Corporate Social Innovation Pays Dividends in Many Ways



There seems to be an important opportunity being left on the table by many corporations. And it offers great potential benefits to people, planet andprofits. It’s all to do with simply linking together two sets of issues that are major hot topics for corporate leaders everywhere: climate change and social responsibility on the one hand and talent attraction and retention on the other.

In other words, as we’ll see, we’re talking about what we could call externalcorporate responsibility and internal corporate responsibility. 

So, four crucial points:

·     Everybody’s looking at these two matters – HR and CSR

·     Nearly everybody’s working hard on both

·     Hardly anybody is putting them together

·     When you do, it pays back in many more ways

The battle for attraction and retention in customers and in employees has never been harder. And both groups increasingly demand attention to ethical integrity and action. So, CSR and HR are working their butts off to get it right on diversity and inclusion, inequality, climate, poverty and much else.

But how often do they collaborate on these things? And, on the rare occasions that they do work together, how often do they measure and report the outcomes to maximise returns on their investments, thus generating more funds to do more good stuff?

Here are some super-simplified client stories:

We helped a major supermarket group create a food-growing project for 38 schools in an area of urban social exclusion. The benefits to the community have been many, lasting and great. The boosts to brand value and employee engagement have also been considerable. With internal and external communications married to numbers and narrative to account for outcomes, the commercial value of this project was many times the cost – and has accrued across the entire national network of stores (though the project itself was initially focused around just one store and one community).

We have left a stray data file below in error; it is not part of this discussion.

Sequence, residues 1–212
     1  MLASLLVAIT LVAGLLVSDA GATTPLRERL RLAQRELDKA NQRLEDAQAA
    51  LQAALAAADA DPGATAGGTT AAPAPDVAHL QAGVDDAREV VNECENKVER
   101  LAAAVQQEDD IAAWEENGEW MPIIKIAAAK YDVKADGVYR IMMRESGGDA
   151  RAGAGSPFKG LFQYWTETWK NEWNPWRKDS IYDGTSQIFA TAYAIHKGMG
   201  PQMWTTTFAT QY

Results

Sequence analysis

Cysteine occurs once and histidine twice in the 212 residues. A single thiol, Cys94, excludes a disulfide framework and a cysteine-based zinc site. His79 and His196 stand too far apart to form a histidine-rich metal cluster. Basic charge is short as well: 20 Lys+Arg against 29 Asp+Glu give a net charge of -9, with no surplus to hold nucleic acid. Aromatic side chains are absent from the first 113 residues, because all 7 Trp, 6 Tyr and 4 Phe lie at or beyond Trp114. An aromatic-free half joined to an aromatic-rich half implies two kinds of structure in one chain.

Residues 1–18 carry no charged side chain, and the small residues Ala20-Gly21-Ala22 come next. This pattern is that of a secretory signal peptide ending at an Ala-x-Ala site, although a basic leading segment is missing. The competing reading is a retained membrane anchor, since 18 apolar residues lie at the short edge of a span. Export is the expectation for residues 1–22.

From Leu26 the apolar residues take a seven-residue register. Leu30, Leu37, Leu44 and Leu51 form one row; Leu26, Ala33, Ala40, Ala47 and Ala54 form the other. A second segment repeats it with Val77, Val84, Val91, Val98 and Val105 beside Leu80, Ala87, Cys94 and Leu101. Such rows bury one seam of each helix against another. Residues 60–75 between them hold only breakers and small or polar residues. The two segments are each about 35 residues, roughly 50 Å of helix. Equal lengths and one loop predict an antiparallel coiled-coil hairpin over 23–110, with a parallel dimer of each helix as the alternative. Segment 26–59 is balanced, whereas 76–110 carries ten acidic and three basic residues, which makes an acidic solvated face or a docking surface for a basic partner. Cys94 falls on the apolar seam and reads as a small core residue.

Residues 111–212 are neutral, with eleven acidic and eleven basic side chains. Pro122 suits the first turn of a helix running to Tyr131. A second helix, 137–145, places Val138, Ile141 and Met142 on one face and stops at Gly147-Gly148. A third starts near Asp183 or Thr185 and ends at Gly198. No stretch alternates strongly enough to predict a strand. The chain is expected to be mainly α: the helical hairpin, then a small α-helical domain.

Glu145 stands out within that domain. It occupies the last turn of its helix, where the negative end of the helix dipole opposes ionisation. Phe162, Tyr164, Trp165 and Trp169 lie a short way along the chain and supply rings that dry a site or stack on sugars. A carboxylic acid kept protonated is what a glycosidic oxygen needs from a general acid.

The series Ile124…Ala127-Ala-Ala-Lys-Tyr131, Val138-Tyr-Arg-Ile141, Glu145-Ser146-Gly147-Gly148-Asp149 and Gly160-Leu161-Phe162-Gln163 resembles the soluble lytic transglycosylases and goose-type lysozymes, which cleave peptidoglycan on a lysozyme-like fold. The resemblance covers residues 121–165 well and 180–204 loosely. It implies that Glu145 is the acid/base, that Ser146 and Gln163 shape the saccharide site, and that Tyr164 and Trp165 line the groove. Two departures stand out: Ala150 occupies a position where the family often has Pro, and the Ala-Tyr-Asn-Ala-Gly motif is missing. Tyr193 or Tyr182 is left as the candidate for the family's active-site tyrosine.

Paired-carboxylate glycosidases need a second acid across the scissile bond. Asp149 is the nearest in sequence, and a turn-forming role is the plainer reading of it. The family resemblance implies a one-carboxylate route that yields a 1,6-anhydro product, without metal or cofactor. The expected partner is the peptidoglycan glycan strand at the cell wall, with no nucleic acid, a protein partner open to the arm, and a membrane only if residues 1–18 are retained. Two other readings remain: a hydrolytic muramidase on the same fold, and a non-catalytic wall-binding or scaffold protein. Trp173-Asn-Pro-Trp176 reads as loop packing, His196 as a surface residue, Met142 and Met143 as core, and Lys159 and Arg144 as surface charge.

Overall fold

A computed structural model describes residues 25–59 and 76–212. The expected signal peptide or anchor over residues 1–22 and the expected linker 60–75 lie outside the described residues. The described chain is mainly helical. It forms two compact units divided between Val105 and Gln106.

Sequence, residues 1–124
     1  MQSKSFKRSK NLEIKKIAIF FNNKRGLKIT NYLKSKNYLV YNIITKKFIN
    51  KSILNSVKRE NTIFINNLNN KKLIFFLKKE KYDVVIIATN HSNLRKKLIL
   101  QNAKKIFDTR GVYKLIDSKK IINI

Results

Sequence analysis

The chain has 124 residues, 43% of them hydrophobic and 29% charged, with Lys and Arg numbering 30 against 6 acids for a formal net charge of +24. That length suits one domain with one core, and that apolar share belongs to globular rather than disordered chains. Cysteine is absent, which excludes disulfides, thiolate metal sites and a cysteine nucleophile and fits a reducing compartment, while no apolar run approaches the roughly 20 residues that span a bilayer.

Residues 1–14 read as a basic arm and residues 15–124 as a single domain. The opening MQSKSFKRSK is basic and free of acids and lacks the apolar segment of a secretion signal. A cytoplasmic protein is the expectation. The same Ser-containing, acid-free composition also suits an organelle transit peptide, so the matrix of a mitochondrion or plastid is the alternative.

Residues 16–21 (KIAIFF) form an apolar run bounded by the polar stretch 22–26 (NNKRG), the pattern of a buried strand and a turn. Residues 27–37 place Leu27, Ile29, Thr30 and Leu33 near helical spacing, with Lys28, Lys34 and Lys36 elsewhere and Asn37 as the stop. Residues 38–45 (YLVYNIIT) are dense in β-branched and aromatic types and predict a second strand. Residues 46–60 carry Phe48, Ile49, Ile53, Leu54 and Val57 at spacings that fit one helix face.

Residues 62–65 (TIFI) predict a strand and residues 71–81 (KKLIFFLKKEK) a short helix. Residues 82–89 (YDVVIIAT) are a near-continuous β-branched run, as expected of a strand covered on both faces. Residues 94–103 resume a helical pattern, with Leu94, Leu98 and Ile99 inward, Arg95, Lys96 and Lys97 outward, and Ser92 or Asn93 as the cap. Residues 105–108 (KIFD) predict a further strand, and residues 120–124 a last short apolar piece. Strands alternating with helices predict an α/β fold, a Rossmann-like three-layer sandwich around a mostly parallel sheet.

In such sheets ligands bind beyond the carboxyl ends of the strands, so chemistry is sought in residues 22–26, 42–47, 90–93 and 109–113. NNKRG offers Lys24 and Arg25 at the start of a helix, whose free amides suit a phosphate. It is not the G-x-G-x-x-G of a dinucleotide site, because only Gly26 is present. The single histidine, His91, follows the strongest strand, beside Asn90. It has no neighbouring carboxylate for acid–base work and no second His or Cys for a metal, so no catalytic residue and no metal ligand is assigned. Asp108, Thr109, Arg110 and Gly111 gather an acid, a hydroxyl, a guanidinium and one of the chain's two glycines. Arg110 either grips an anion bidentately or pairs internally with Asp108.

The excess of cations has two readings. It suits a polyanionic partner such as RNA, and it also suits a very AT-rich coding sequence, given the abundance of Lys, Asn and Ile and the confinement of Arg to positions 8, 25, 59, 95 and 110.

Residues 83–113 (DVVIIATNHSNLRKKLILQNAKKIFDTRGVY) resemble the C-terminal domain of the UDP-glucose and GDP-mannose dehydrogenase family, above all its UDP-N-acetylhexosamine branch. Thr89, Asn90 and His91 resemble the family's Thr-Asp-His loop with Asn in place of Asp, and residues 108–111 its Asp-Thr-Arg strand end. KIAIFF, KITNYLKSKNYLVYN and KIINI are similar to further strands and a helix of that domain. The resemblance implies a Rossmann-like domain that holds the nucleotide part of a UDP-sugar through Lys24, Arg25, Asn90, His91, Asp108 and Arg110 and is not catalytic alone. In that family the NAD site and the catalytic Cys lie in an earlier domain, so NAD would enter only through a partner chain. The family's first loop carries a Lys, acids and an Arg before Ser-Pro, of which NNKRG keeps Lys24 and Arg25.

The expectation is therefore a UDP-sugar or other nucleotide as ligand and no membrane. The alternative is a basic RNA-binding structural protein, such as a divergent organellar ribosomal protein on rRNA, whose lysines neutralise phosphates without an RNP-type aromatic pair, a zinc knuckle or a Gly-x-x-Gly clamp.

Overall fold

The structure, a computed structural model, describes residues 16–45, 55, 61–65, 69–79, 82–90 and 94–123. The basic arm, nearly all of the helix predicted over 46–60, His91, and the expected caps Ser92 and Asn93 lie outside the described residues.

In another case, a passionate champion of sustainability at a global client corporation decided to go for it. He invited like-minded people to join him for a weekly lunchtime brainstorm-and-action meeting. In the first year the group made waves and made a difference by creating in-house projects such as lift-sharing, food waste and plastics recycling. Soon the thing had gone global and massive savings were being achieved. The biggest strategic shift in the financials, however, was in areas such as talent attraction and brand awareness.

A utility company engaged in a superb apprenticeship project that offered a second chance to promising young offenders who could benefit from a ‘second chance’. In just two years the company fixed a problem they had: the need for newly trained young engineers. This also saved the taxpayer a great deal of money that would have been spent on dealing with re-offending: police, probation and prison services, court costs and so on. A social impact bond would have yielded a big return for them. In fact they got what they wanted (the trained engineers and much else besides) and very generously left the taxpayer savings on the table for the good of the nation.

But they did this knowingly.

How many people are missing opportunities like this by not even noticing them?

In each of the above cases, the opportunities, internally and externally, to engage with matters such as inequality, gender, diversity and poverty grow with each action and learning project in which the teams engage. This adds further to the immediate benefits to the other stakeholder groups involved.

When we join the dots and HR, CSR and Communications work together on corporate responsibility inside and outside the company, the results can be enormously beneficial for all concerned.

You could say it’s an all-win deal…

Robert Barnard-Weston BA, MSc, FRSA

Robert Barnard-Weston has lived in Bath, UK, for forty years, spending thirty of those years working in social and environmental responsibility.